Photographs, Film, and Video, Publications

Photographer Mary Ellen Mark and Filmmaker Martin Bell Go to Prom

What will I wear? Who will be my date? Should we rent a limo?  With prom season approaching, these are questions going through American teenagers’ minds.

This all-American experience of going to prom marks the end of high school and the beginning of adulthood. Between 2006 and 2009, documentary photographer Mary Ellen Mark traveled to 13 high schools to produce Prom, just released by Getty Publications, a fascinating look at dozens of teens from a diverse range of backgrounds on this memorable night.

Mark intentionally chose schools representing varied socioeconomic situations—including an exclusive private academy in Pacific Palisades, an urban public school in Newark, an upper-middle-class suburban school in Austin, and the pediatric ward at Memorial Sloan-Kettering Cancer Center—to explore the similarities and differences in prom traditions. For example, white middle-class young women in Pittsburgh bought their similar looking dresses at the same local department store, while African American women had custom dresses made, each one a unique creation.

Spread from Prom by Mary Ellen Mark, published by Getty Publications

Two plates from Prom, newly published by Getty Publications. At left, Donald R. Lewis Jr. and Lakia M. Wilcher, Newark, New Jersey, 2006. At right, Samantha Toet and Alyssa Smith, Charlottesville, Virginia, 2008. Photographs by Mary Ellen Mark

Using a six-foot-tall, 250-pound Polaroid Land 20 x 24 camera, which required special technicians to operate, Mark set up a photography studio at each prom she attended. Her interns scoured the dance floor for interesting subjects.  After being photographed, the students went to another studio where they were interviewed for a documentary by Mark’s husband, Academy Award-nominated filmmaker Martin Bell.  On the film, the students talk about their dates, their high school experiences, and speculate on their futures. You can see a sneak peek of the film at the top of the post.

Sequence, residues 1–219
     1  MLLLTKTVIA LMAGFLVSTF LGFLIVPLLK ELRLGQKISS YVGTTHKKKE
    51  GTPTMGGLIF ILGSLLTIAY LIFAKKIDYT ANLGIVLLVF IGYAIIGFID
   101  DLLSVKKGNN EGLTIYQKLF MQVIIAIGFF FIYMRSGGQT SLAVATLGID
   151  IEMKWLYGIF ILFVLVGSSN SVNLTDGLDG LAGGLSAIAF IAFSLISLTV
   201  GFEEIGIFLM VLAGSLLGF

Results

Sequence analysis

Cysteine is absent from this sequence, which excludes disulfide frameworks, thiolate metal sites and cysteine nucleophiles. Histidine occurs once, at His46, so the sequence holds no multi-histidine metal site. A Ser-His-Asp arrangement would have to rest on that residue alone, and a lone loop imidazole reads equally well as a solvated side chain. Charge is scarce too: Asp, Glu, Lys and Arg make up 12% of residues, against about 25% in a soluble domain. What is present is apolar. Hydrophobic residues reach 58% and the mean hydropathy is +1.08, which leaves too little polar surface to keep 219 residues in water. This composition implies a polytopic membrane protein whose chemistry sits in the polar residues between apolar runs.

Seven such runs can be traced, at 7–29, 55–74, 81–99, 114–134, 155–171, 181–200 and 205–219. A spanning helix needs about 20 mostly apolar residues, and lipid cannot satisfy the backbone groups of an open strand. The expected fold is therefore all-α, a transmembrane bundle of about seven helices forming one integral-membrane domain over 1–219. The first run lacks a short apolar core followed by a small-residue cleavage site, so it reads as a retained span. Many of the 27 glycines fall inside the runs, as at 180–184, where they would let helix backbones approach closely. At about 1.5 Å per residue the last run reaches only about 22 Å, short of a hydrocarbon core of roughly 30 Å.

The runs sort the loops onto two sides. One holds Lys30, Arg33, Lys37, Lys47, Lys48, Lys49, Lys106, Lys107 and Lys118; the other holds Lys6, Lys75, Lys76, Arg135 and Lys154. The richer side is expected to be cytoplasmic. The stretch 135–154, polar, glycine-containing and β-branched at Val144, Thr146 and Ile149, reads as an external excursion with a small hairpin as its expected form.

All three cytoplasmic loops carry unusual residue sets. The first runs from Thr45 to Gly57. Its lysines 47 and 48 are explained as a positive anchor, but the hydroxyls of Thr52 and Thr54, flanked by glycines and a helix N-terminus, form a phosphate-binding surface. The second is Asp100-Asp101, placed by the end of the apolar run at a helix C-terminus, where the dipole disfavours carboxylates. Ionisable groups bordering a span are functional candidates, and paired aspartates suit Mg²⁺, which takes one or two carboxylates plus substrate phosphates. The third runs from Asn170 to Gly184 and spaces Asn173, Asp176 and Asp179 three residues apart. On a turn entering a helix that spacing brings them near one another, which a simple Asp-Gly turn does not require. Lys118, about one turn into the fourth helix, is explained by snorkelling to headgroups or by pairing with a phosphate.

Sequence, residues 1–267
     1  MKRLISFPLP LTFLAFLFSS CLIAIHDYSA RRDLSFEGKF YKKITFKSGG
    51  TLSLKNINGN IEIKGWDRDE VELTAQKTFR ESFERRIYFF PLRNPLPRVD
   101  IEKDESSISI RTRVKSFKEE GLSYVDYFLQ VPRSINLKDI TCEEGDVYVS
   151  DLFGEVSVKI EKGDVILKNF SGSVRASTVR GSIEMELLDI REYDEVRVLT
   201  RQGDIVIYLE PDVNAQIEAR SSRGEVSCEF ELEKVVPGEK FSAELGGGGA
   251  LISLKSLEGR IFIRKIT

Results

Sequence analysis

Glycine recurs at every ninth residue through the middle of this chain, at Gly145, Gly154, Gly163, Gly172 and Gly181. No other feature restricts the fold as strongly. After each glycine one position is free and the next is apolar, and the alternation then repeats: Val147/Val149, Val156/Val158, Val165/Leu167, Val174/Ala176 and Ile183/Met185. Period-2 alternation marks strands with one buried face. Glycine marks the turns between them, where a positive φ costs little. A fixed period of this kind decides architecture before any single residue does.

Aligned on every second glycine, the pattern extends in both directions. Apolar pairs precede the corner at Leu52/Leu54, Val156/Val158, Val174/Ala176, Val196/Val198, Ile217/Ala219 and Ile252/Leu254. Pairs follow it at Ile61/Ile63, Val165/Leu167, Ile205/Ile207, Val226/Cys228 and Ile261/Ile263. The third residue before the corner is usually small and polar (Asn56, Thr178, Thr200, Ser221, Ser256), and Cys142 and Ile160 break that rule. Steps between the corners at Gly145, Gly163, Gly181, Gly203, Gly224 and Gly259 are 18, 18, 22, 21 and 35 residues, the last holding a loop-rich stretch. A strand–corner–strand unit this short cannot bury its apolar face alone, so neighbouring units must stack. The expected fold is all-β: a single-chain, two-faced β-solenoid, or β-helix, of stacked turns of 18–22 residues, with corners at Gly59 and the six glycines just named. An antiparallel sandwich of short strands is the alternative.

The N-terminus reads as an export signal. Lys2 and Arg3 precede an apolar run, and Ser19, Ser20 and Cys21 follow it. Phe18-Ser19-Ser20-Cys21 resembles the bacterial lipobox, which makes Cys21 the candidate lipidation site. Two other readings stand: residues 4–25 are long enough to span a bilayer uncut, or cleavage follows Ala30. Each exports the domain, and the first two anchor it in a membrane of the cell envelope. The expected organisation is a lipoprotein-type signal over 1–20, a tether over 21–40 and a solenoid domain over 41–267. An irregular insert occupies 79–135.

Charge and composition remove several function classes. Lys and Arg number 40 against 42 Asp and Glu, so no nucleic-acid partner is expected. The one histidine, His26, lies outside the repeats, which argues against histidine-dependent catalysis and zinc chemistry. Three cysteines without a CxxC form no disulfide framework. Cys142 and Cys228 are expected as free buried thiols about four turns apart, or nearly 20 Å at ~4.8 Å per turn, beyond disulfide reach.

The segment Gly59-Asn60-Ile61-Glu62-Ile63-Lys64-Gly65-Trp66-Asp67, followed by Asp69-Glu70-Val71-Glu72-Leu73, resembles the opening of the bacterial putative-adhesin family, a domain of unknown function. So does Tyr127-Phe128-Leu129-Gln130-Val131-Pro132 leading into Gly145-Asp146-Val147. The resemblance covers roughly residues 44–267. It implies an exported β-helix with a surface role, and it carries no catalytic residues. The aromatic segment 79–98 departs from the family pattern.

Quotations from the filmed interviews punctuate the book, which also includes a DVD of the documentary. Some of the students’ statements are comical, while others are deeply touching. The result is a captivating and revealing document of American youth at the beginning of the 21st century.

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      This milky pink boomed into popularity because of a marketing ploy, a mistress, and its ambiguous origins.

      In an effort to compete with the renowned Meissen porcelain factory, the French Sèvres manufactory recruited the glamorous Madame de Pompadour (mistress to King Louis XV). Like a smart sponsorship deal, Sèvres gave her all the porcelain she requested. 

      Introduced in 1757, this rich pink exploded on the scene thanks to favoritism by Madame Pompadour herself. 

      The glaze itself had a weird history. To the Europeans it looked Chinese, and to the Chinese it was European. It was made based on a secret 17th-century glassmaker’s technique, involving mixing glass with flecks of gold.

      For more on colors and their often surprising histories, check out The Brilliant History of Color in Art.


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